BMW Nazca C2

BMW Nazca C2

BMW Nazca C2
BMW Nazca C2

The BMW Nazca C2 was designed by the Italdesign design studio based in Turin, Italy. It is also known as the Italdesign Nazca C2. It was developed to become the official replacement of the BMW M1 supercar, but BMW was afraid to continue the project due to the financial failure of the M1 project.

It was designed by Giorgetto Giugiaro at Italdesign Giugiaro.

The car features a front fascia similar to the frontal design of the BMW M1 car.

BMW Nazca C2 rear
BMW Nazca C2 rear

 The car was available as either a two-door coupe or a two-door Targa top.

Nazca project began in 1991 when the Nazca M12 was unveiled at the Tokyo Motor show.

It was derived from the Bugatti ID 90 concept which was unveiled a year ago.

The Nazca M12 was the first car ever to be designed by Fabrizio Giugiaro, the son of Giorgetto Giugiaro. Fabrizio included many aerodynamically tweaked features and design elements to improve aerodynamic efficiency. Most of these design elements were the elements of Group C race cars.

Nazca M12 achieved a drag coefficient of 0.26 cd when tested in the BMW wind tunnel.


1991 BMW Nazca C2 front
1991 BMW Nazca C2 coupe front

The body panels of the car were made out of carbon fiber. Carbon fiber was incorporated to reinforce the aluminum alloy steel tubular space frame.

The car has a total weight of 1100 kg due to the excessive use of composite materials and lightweight alloys.


BMW Nazca C2 gullwings
BMW Nazca C2 gullwing

Nazca C2 features a unique door mechanism. It is a mixture of conventionally opening the lower part of the door and a gull-wing mechanism to open the upper part of the door.

The engine cover and the front of the car were made from a single piece of molder carbon fiber. These body panels can be opened to get easy access to the internal mechanical components of the car.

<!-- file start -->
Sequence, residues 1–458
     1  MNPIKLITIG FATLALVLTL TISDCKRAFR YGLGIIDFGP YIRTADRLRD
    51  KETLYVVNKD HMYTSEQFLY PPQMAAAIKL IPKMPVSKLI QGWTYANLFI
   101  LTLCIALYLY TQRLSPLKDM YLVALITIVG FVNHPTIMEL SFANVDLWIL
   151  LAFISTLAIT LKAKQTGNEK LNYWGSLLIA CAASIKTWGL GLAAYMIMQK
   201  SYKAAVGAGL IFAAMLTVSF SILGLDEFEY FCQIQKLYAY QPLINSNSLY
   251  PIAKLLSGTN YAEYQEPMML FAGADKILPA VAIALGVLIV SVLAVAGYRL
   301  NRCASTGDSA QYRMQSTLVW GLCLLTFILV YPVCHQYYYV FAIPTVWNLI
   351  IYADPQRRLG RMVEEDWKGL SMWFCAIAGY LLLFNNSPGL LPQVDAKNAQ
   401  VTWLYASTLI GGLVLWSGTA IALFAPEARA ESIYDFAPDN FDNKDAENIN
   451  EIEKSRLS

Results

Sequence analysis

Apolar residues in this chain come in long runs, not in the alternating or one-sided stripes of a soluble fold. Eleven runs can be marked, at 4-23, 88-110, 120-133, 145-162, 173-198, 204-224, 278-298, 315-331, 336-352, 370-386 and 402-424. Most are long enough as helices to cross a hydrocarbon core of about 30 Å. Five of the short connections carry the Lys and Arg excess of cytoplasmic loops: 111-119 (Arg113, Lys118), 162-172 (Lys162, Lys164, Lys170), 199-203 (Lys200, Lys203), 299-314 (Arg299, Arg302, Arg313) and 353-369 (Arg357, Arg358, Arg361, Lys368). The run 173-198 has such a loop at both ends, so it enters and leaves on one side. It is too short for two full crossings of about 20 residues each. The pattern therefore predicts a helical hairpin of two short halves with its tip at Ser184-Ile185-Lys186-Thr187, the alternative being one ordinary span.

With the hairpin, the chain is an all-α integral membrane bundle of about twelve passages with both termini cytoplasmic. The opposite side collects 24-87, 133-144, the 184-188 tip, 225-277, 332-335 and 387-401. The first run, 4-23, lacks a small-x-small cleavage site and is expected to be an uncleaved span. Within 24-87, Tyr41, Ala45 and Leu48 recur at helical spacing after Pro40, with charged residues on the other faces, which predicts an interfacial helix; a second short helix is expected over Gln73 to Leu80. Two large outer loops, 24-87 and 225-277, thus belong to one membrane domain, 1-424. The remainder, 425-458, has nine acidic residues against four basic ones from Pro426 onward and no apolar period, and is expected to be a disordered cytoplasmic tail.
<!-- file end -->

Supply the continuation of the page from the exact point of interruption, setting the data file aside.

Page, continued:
Technical specifications

1991 BMW Nazca C2 engine
1991 BMW Nazca C2 engine

The engine cover has a glass window of sorts to display the beautiful state-of-the-art 5.0-liter V12 engine which was taken from the production BMW 850i.

The maximum output of the engine was rated at 300 horsepower when connected to a five-speed manual sequential gearbox. 

In 1992, The Nazca C2 was unveiled to the public. The Nazca C2 featured a redesigned front paying homage to the conventional BMW style, featuring dual headlights on each side and the unique kidney shell grille.

To improve the performance and handling aspects of the car, Italdesign invited the German tuning house, Alpina to improve the engine and the suspension.

Alpina modified the engine and increased the performance with an additional 50 horsepower, now delivering 350 horsepower.

This engine was also shared with the Alpina B12 5.0, an Alpina tuned BMW 8 series car.

Nazca C2 also has fixed racing seats and three spoilers at the rear to signify its track-oriented performance.

The Nazca C2 is having a 100 kg lesser curb weight than the Nazca M12 did.

Production numbers

Three prototypes were built in total including the Nazca M12. BMW allowed to use their brand name and BMW derived designing features such as the kidney grille on the three concept cars.

Nazca C2 Spider

1991 BMW Nazca C2
1991 BMW Nazca C2

The Nazca C2 Spider was unveiled at the 1993 Formula One Grand Prix which was held in Monte Carlo.

Italdesign unveiled this slightly redesigned car featuring removable glass panels instead of the Semi-gull-wing doors. Removing the glass panels, converted the car to a proper Targa top style roadster.

The removable glass panels could be stored in the luggage compartment in the front of the car and could be installed quickly

To reinforce the structural rigidity of the car, a roll bar was fitted. This roll bar was painted in the body color of the car, making it harder to identify at a first glance.

The intake manifold of the engine was redesign to allow more air to the engine.

The car was fitted with a 5.7-liter V12 BMW engine from a BMW 850 CSI.

The maximum output of the engine was rated at 380 horsepower when mated to a six-speed manual sequential gearbox. 

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